Title: The New Zealand Novel 1860-1965

Author: Joan Stevens

Publication details: Reed Publishing (NZ) Ltd, 1966

Digital publication kindly authorised by: Sylvia Johnston

Part of: New Zealand Texts Collection

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The New Zealand Novel 1860-1965


Finally. Finally, to end this survey of the fiction of the thirties, except for the major novelists to be considered in the next chapter, here are three further novels. A brief note should be made of Gloria Rawlinson's Music in the Listening Place, 1938, a fantastic tale involving the Maori fairies, (the turehu), and a teen-age girl with a haunting obsession. It will not be to the taste of all readers.

Beryl McCarthy's Castles in the Soil, 1939, is a historical novel set on the East Coast of the North Island, a complicated chronicle of early settlers, station life, Hauhau troubles, a mixed marriage, estrangement, and ultimate reconciliation. Castles in the Soil won third prize in the section for novels in the literary competitions organised in 1940 to mark the centennial of the founding of the Colony of New Zealand. In the field of the novel, these competitions did not uncover any great talent; it is interesting to note, however, that Frank Sargeson's short story, The Making of a New Zealander, and M. H. Holcroft's seminal essay in criticism, The Deepening Stream, were brought to public notice by the centennial awards.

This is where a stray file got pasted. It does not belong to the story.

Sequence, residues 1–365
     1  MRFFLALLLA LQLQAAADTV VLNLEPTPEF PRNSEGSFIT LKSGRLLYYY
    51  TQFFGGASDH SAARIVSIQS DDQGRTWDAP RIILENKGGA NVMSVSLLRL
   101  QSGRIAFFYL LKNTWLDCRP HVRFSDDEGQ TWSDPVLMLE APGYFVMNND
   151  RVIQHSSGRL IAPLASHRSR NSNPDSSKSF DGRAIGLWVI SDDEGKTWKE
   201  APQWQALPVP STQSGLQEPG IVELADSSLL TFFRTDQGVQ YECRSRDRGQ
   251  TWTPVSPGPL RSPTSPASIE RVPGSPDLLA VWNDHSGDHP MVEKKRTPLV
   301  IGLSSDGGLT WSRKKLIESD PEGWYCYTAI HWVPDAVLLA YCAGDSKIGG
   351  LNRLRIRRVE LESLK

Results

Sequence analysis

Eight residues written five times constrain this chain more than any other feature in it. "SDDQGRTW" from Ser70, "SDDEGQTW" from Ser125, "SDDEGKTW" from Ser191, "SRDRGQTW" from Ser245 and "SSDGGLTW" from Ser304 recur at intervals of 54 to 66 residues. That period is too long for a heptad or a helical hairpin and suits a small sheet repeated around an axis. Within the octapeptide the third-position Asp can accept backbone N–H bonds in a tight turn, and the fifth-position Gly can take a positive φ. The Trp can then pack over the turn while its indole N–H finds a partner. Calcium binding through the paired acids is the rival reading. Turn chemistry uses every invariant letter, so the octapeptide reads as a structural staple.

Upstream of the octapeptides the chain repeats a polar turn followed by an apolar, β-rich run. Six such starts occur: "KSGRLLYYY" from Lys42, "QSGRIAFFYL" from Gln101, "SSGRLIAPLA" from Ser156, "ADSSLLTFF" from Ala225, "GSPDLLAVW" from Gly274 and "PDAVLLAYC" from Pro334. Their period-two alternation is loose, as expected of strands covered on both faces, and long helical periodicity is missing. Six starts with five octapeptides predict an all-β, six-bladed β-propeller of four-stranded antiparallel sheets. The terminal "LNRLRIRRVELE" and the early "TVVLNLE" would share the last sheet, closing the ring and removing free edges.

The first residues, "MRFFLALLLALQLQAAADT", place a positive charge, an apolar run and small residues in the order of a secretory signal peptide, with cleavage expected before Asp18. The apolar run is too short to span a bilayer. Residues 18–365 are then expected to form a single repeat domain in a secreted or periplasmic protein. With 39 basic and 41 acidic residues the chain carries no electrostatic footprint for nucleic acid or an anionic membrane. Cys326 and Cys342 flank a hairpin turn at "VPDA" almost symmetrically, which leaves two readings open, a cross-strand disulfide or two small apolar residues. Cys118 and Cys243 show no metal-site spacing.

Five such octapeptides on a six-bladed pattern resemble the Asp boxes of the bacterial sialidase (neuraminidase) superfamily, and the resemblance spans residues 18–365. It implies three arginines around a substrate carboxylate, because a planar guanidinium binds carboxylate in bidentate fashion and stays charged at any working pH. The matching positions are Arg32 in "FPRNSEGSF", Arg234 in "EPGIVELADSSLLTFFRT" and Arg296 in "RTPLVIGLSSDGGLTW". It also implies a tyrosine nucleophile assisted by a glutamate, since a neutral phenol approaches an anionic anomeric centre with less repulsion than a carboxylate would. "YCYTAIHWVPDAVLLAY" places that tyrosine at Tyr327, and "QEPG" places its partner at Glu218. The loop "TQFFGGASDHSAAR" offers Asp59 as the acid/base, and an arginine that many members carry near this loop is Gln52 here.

Similar historical material is in Joyce West's novel Sheep Kings, 1936, a family saga of the Kings, whose founder came to Poverty Bay in 1841, and married a Maori wife. Acquiring in this by no means unusual way some of the wide acres so desirable for sheep, Stafford King established a dynasty, whose fortunes Joyce West then traces through the typical pioneer possibilities. Each generation has a King. Hero and heroine are done with a Byronic magnificence, intended to dignify large-scale land holding and glamorise the great open spaces. "His eyes were arrogant. His hands betrayed the horseman, brown, sensitive, sinewy hands." Neither in style nor in construction is the author equal to her theme, but her subject matter, at least at that time, was fresh, and she has a keen sense of the drama of this type of pioneer experience. The only writer who has yet made it into literature in this country is H. Guthrie-Smith, in Tutira, 1921. This astonishing record of a real sheep king's career proves that it is possible for fact to be more enthralling than fiction.

(Topics for Study and Discussion are given in the Appendix.)